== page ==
ME: Although Freud ostensibly developed a theory and clinical approach to neurosis, I point out in The Psychotic Core, that his concepts are heavily steeped in a phenomenology of psychosis. The id: seething cauldron of emotional realities where the law of contradiction and common sense do not hold, where space and time are abrogated, compressed, nullified (and in some ways expanded). The superego: persecution gone haywire, spinning into self-hate, self-demolition, a mixture of self-torment and self-obliteration. The ego: at once a hallucinatory organ and adaptive agent with anti-hallucinogenic properties. Freud wrote that an early cognitive operation of the ego is hallucination. For example, the ego as wish-fulfillment machine, attempting to get rid of disturbance by making believe it’s not there in some way, wishing it away. A problem with wishing disturbance away is one tends to wish oneself away as well. A vanishing tendency is initiated that becomes objectless or something like all-inclusive. In extremis, a vanishing tendency that vanishes itself as well as anything in its path.
Freud spoke of flooding as a primal trauma. And one way one deals with emotional storm is by trying to wish it, hallucinate it out of existence. A problem being one hallucinates oneself out of existence, too.
So, one thing I brought out is how psychotic states informed the background and construction of Freud’s structural concepts, and that psychosis was crucial to his theory and practice from the outset.
As psychoanalysis unfolded, attention gravitated to psychotic states: Melanie Klein, Harry Stack Sullivan, Searles, Winnicott, Fairbairn, Bion. In 1975 Andre Green formalized this seismic shift in psychoanalysis in his statement that where once neurosis was a defense against perverse tendencies, now both were seen as ways of warding off and organizing psychotic anxieties. Henry Elkin, steeped in Jung and the British school, used to lecture: “Behind every neurosis is a hidden psychosis”.
It seems to me after two world wars, the shift towards madness was inevitable. Although, of course, madness has never been a stranger to the human race. Now we can add pervasive psychopathy to the pie. For our own moment of history has as a guiding light, the calculated, psychopathic manipulation of psychotic anxieties. We have just seen one of the great power grabs in our nation’s history, certainly the most amazing in my 70 odd years, a basic weapon being manipulation of catastrophic dreads. Bodies are paying for it and, I believe, the psychic health of nations.
RM: In your work, your refer to “states of consciousness.” For example, you write: “We are challenged to work with cosmic and practical I-feelings”. I love this statement. Would you explain further?
In many of my books I write about the challenge of being in multiple worlds at once. Pluralistic dimensions of experience. One might speak of tendencies, capacities, attitudes. Different worlds open with different modes of approach. For example, when immersed in taste, touch, vision, hearing – worlds open in each that the others can’t offer.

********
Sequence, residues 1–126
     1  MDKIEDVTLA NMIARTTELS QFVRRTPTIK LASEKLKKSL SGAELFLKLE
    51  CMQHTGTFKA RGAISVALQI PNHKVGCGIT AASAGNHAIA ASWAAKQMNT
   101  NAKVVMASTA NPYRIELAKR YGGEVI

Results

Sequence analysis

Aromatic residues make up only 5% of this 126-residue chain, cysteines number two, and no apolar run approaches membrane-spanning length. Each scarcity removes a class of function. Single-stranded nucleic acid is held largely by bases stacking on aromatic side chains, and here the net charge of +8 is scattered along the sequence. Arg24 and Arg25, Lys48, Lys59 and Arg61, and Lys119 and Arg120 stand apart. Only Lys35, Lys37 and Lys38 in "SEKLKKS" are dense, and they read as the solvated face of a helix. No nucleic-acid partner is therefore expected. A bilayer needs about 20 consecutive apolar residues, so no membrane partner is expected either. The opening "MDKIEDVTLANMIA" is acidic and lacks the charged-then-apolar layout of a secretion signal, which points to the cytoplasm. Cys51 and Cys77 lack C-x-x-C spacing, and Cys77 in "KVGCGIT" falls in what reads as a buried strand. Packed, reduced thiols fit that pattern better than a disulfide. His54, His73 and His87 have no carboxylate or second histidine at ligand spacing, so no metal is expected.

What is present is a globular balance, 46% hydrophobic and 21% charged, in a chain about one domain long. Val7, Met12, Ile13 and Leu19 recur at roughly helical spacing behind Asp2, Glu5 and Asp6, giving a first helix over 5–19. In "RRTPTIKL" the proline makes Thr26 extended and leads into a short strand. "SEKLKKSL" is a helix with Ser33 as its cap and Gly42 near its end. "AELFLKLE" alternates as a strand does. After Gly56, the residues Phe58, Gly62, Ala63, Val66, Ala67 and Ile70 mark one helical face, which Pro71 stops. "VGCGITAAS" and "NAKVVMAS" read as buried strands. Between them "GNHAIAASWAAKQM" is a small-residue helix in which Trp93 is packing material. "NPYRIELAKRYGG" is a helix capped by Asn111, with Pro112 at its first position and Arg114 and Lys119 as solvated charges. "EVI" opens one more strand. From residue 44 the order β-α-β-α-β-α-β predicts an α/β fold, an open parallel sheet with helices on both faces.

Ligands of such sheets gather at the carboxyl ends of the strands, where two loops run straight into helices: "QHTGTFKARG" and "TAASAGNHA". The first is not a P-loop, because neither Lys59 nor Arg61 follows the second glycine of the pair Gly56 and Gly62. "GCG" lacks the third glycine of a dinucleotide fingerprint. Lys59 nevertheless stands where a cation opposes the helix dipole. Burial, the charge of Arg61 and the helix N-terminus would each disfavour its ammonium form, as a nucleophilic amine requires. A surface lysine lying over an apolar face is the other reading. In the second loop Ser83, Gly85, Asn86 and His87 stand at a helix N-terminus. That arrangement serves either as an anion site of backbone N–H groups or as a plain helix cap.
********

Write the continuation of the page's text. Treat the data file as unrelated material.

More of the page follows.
With this in mind, one appreciates the implicit humor in Bion’s references to “common sense”. How to coordinate the senses is no small wonder. In autism, for example, attention is pulled first by something preeminent in one sense, then another. So that common sense, the senses working together, becomes quite a challenge, a genuine achievement.
And yet each sense gives us inexhaustible worlds, gives us ourselves differently. There is no end to the nuances of self-feeling, the self-sensations that our senses modulate, ineffable pathways. Yes, sensation is ineffable.
How much more so is the challenge, the invitation, to get to know, to taste, to smell different worlds along the cosmic-personal dimension. In The Psychotic Core I showed intricacies of being both anonymous and personal beings. We are made up of many anonymous capacities that work by themselves and we sense this anonymity that pervades our existence. Yet we have personal feeling, personal self-feeling, I, me, you, we. A feeling of my personal being. Winnicott, for example, is exercised by the question of how personal self-feeling extends to embrace and grapple with anonymous processes that make it up.
It may be that Federn was the first to write about this systematically. He, following Freud, felt the I at first is a kind of cosmic I, boundless, no end to surface or depth, if these spatial terms apply at all. Psychotic individuals he worked with failed to make the transition to it into their body envelope. They refused or were unable to squeeze into the limiting field of usual material and social reality. The ability to contract the cosmic I-feeling to fit a common sense world did not undergo sufficient development. I won’t cover all this ground again here. Just using this to note the difficulty the demand of living in and coordinating different regions of being can bring. Part of therapy involves a certain double (multiple) directionality: worlds open with movement of sensation fields and worlds narrow and close. The rhythm of opening-closing, expanding-narrowing is part of basic rhythms that need to evolve. Therapy tries to support evolution of capacities to nourish each other.